- Hello (again), Dolly!
- ‘Hello, Dolly!’ opens Thursday at EPAC
- ‘Somewhereville Station’ revisits the 50s and 60s
- St. Patty’s musical at Ephrata Main
- Dance, concert will benefit Jamaica missions
- Happy Anniver5ary, St. Boniface!
- Downtown diversity
- Travelogue will explore Colorado River this Saturday
- Cool lineup!
- Everyone wins at the Souper Bowl
Ephrata woman’s musical will be featured at Gretna Kim McCaul Armer
Amelia Earhart has taken flight once again under Gretna Theatre’s banner of the “American Hero Biography Series” of outreach musicals that travel to schools and civic groups. It will be presented as the finale to the 2011 season on Aug. 27 at 11 a.m. at the Mt. Gretna Playhouse. Reserved seats are $7 each and once again all educators are admitted free of charge with school identification.
The program can also land in area schools. Educators can pick up booking information and other materials at the Aug. 27 production. They should call in advance and reserve both tickets and booking materials. If unable to attend, educators may request booking information be mailed to their schools. The dramatized biography “Amelia Earhart, Lost Hero,” with original music written and composed by Ephrata resident Kim McCaul Armer, debuted as a part of the outreach program at Gretna Theatre in 2000.
“We are reviving the show by popular demand,” states Renée Krizan, Gretna Theatre’s Associate Artistic Director. “The outreach program titled ‘The American Hero Biography Series’ is once again gaining popularity. A successful tour for two years in succession of the fourth show in the series, ‘Keeping Mr. Lincoln,’ has prompted educators to inquire about reviving the previous shows in the series. Our goal is to add the previous shows, including ‘The Road to Freedom’ and ‘First Ladies, Wives of the Presidents,’ one each year until all four shows are in repertory and on tour.”
The story of “America’s Flying Sweetheart” is aimed at middle school-aged students and traces the life of the aviatrix, from childhood to her rise to fame and her eventual final flight. The production comes with a work study guide for schools who wish to incorporate the historical material into the classroom.
“Amelia Earhart, Lost Hero” is the brainchild of Kim McCaul Armer. A former Gretna Theatre employee, cabaret performer and transplanted Canadian, Armer has performed at some of the biggest hotels and casinos from Toronto to Atlantic City. However, it was her experience as a mother of a middle school-aged son that inspired her.
“There seems to be a lack of product for that important and impressionable age group,” said Armer. “Earhart had always been a favorite of mine. She overcame many obstacles in her life and she never lost sight of her dream. She succeeded in a man’s world at a time when it was unheard of. We knew it would be a good message for the youngsters.”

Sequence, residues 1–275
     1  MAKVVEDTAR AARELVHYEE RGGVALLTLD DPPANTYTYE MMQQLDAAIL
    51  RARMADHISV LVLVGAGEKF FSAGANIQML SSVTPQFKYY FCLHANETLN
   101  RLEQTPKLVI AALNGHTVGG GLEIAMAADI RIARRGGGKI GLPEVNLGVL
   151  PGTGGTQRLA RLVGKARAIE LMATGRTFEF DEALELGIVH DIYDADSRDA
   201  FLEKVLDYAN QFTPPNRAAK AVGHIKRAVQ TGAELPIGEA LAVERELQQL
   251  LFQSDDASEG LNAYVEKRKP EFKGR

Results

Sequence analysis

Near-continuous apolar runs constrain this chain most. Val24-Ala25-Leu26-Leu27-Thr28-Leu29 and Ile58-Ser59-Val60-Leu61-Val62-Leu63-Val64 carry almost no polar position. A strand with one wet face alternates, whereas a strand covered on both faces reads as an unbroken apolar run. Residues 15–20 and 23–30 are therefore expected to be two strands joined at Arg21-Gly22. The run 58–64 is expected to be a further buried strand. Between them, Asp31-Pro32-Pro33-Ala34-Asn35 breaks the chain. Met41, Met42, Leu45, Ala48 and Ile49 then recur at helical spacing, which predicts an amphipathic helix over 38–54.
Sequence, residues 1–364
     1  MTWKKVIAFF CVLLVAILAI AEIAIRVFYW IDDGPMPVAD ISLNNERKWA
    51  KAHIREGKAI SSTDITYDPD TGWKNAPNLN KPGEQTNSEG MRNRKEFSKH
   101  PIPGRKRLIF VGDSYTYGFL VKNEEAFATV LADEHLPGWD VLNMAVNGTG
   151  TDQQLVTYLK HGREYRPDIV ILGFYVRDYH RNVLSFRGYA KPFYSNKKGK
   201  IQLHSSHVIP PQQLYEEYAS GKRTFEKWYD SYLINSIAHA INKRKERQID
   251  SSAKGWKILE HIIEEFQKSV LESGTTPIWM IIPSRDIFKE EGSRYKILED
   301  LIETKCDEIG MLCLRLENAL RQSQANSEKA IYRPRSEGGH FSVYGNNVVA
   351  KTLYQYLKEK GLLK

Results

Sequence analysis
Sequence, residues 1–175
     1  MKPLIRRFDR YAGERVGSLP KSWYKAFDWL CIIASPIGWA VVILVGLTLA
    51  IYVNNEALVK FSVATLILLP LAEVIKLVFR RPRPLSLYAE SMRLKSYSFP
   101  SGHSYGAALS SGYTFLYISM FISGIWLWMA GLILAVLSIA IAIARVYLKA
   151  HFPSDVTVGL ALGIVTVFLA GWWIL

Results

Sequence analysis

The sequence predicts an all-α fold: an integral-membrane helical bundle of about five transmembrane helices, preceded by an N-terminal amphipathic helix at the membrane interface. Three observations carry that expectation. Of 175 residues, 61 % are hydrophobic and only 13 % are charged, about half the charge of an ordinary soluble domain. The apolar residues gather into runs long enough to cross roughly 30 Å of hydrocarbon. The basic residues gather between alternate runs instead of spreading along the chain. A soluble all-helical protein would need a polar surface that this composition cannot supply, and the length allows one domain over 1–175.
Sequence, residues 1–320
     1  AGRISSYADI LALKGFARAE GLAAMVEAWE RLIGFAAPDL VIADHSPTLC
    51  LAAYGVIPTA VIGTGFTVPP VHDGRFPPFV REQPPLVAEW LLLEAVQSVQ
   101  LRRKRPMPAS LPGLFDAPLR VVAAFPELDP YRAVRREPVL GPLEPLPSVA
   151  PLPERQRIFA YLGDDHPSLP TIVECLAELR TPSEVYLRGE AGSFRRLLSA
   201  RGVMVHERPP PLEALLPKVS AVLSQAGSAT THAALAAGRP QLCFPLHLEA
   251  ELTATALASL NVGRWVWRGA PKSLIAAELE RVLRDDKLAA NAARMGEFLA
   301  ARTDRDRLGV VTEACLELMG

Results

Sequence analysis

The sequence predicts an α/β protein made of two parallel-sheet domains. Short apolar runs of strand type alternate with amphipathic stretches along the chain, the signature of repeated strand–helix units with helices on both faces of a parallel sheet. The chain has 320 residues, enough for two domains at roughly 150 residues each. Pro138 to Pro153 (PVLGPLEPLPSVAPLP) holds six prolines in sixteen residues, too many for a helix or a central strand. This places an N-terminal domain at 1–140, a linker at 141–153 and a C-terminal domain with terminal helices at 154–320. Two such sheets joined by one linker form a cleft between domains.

Earhart was the product of what is now known as a dysfunctional family. Her father, whom she idolized, was an alcoholic who often uprooted his family. As a teenager she served as a military nurse in Canada during the First World War. She later said of her experience: “It was there that I realized what war actually meant. Instead of brass bands and new uniforms I saw only men without arms and legs, men who were paralyzed and blind: four years of desperate struggle.”
After the war Earhart began flying lessons with the pioneer aviatrix, Anita “Neta” Snook. Snook had reservations about Earhart’s skills, a feeling that was later held by many of her contemporaries, but the young flyer persevered and eventually began setting records. The promoter/publisher, George Putnam, whom she later married, hired her to be the first woman to serve as a crew member on a transatlantic flight. Although she was merely a passenger on the trip, Putnam ensured that she received much of the credit and all of the celebrity. Even President Coolidge cabled his personal congratulations to her.
The cast of “Amelia Earhart, Lost Hero” includes local actors Valerie Long Schultz and Candace Arndt, who have both performed on Gretna Theatre’s mainstage, and many other local stages. Schultz, who portrays Earhart, performed at Gretna Theatre two consecutive seasons, first in 2009 in “Cheaper by the Dozen”, then again in 2010 in “Mr. Hobbs’ Vacation.”
Arndt, a local educator herself, also appeared in “Cheaper by the Dozen”. The production is directed by Renée Krizan, who also serves as Gretna Theatre’s Director of the Theatre for Young Audience programs and this Outreach program.
Schools who wish to book “Amelia Earhart, Lost Hero” should call Renee Krizan at 964-3627. Tickets for the Aug. 27 performance are also open to the public and available for purchase online at gretnatheatre.com, by telephone at 964-3627 or in person at the box office beginning at 10 a.m the day of the show.
This production is presented by generous support of The Hershey Company, The Greater Harrisburg Foundation, The Kline Foundation, The McCormick Foundation, The Stabler Foundation, The Wells Foundation and Benjamin Olweine, III. More ARMER, page A17
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